Friday, October 30, 2009

Breaking Up is Hard to Do

For the first time in Lorna's Laces history, we are discontinuing a yarn. Actually two yarns, Swirl DK and Swirl Chunky. The photo you see here is of the Swirl DK. If you start at 12 o'clock, the colorways are Maple Grove, Camouflage, Vera, Midway and Desert Flower.

I have to say that in many respects, this breaks my heart. It was the first yarn that I brought out as the owner of Lorna's Laces. I love this yarn. I think it is beautiful. We had so many fantastic evenings snuggling in front of the fireplace. But, it not the right thing for either of us anymore so we've decided to move on. It was a mutual decision and we're going to remain friends.

At the risk of letting my geeky side show, I'm going to give you all a little chemistry lesson today. If you take a look at the yarn closely, you will see that there are three plies. One is lighter than the other two. The darker plies are spun from superwash merino. The lighter ply is spun from a blend of silk and regular merino. The process that makes a yarn superwash changes the pH of the fiber and the dye behaves differently depending on the acidity of the fiber. That's why you see the barberpole effect. Kinda like magic.

Keep an eye out for it at your favorite LYS or online retailer. There will lots of it available at fantastic prices.

Friday Cuteness

Stef has been all about the knitted monsters these days. This is Chester. He is a gift for Jay and Diane. They are watching Stef's cats while she's out of town.

Edited: It's a KnitWhits pattern. Bramble Owl.

Wednesday, October 28, 2009

PIF Powder

Well, here I am sending out the last of my five Pay It Forward gifts. This time around it's some talc-free body powder.

I got the idea from a tweet Amy Singer of sent out a couple of weeks ago. It seemed like the perfect thing to finish up.

It was really simple to make...cornstarch, rice flour and arrowroot powder mixed up with some fragrance oil. I picked narcissus as the scent. It's very sweet and feminine. No one is going to mistake it for patchouli.

The hardest part was finding a cute package. You can find simple cardboard shakers but I wanted something more fun. I finally settled on this shaker that I picked up at the local housewares store. I think it was originally designed for popcorn salt or something like that.

Once I had the shaker, it was just a matter of coming up with a label. I turned that duty over to art director extraordinairre (AKA the husband). I think he did good work.

The last thing I did was add a few grains of rice. I'm not sure if it's an old wives tale or not, but we always added rice to the salt shakers at one of the many restaurants I worked at while I was in college. The theory was that the rice would absorb any moisture and keep the salt flowing. I figured it couldn't hurt.

So, that's the last of my Pay It Forwards. I'm pretty happy with how the mix ended up. There was the Ishbel and Lacy Summer Socks in the yarn category. Sweet Blackberry Wine in the food category and PIF Powder in the smelly thing category. In a class all its own was the the Lacy Sachet. It's part yarn, part smelly thing.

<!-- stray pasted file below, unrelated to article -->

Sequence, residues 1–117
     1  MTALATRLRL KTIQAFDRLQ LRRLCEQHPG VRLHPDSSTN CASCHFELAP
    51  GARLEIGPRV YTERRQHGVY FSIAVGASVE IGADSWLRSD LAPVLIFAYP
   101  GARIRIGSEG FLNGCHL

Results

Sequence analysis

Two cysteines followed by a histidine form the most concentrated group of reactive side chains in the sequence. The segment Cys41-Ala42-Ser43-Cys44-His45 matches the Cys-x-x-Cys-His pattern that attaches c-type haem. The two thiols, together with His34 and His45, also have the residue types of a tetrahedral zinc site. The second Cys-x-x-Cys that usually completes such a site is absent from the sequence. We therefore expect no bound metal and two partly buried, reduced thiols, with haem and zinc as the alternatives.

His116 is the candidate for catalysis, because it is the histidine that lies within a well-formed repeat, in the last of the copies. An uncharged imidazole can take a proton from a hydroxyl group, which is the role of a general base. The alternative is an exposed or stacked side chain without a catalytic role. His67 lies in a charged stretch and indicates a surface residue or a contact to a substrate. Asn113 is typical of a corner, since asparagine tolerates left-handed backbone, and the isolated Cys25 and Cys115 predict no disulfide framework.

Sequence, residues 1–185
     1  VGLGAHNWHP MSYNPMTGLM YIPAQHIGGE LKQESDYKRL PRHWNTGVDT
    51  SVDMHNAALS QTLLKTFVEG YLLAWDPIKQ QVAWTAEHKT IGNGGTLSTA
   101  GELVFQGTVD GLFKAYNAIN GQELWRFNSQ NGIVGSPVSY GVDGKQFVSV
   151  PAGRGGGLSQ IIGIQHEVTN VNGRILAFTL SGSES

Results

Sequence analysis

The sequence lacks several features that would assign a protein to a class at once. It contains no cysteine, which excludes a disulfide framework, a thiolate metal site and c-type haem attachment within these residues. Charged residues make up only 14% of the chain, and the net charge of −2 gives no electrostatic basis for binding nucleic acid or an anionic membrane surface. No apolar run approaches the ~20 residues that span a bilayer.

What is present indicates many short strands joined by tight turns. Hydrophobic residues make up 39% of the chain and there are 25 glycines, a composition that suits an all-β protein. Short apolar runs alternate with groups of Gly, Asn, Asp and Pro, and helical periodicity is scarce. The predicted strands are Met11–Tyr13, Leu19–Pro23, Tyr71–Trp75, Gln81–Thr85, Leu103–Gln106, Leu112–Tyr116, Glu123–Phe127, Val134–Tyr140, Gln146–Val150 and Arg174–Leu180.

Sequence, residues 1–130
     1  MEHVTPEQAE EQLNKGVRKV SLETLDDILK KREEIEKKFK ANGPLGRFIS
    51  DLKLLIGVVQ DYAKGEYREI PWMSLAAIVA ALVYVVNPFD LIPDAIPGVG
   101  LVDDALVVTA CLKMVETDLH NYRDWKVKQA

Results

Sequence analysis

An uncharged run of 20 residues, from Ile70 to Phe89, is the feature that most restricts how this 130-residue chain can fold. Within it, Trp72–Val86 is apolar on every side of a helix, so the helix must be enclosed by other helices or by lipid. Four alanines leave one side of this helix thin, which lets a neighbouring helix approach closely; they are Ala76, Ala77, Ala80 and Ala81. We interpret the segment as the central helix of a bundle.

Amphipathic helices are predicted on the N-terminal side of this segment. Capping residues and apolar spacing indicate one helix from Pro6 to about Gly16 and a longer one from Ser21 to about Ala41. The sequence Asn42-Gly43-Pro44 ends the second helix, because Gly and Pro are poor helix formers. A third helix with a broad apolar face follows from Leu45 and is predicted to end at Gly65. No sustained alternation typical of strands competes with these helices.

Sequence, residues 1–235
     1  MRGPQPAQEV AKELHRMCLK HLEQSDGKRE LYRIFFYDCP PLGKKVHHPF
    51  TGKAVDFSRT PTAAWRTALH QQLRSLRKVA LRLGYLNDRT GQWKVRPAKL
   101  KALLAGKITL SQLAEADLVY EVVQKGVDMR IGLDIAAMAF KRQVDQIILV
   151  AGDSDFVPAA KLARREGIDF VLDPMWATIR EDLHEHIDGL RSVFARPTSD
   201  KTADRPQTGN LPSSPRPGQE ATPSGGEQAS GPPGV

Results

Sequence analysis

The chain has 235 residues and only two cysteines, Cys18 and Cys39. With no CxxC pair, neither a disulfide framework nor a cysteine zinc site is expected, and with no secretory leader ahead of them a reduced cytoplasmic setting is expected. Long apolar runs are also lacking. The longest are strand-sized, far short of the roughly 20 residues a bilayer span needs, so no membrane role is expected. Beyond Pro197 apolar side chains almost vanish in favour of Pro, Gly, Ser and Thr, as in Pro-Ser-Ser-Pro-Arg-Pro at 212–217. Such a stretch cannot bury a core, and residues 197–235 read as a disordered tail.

I was trying to decide which was my favorite. I think at the end of the day, I'll have to go with the Ishbel. I hadn't knit any lace in a long time, and it really made me happy. The sachet and the powder would probably tie for second because I made extras for my mom. She gets a real kick out of gifts that arrive without an occasion. But then again, don't we all?

Tuesday, October 27, 2009

Interweave Holiday Gifts

Interweave's Holiday Gifts issue came in yesterday's mail. Somehow I feel like I must have been the last to get a copy.

That's been happening quite a bit lately. My Vogue Holiday didn't come for more than a week after everyone was talking about it. I'm going to assume it has something to do with the post office rather than thinking that there is a conspiracy to keep knitting publications from me.

Check out these delightful ornaments that Ann Weaver designed.

The are based on old German glass ornaments that were originally produced in a small town, Lauscha, in the mid 19th century. While you can still get glass ornaments, it seems kind of fun to create your own. You could start a family tradition with these.

I'm partial to the pinecone, but the pickle comes with lots of stories. The one I always heard was that it is supposed to be the last ornament put on the tree on Christmas Eve. And it's supposed to be hidden. The first person that finds it in the morning gets a bonus gift and gets to hide it the next year.

Friday, October 23, 2009

Friday Cutenss

It's been a long time since we've had any monsters. This is Albert the Absent Minded Monster. It's another Rebecca Danger design. Stef made him over the weekend for Caitlin's beau, Bas.

Rebecca contacted us last week for yarn for a book she's doing! A whole book of monsters. Squee! It's going to be hard to wait until January, 2011.

Wednesday, October 21, 2009

For Gilda's Club

I've been a little remiss in sending off our third quarter Flamingo Stripe donation. I am normally fastidious about getting it on its way on the last day of the quarter but it got away from me this time around.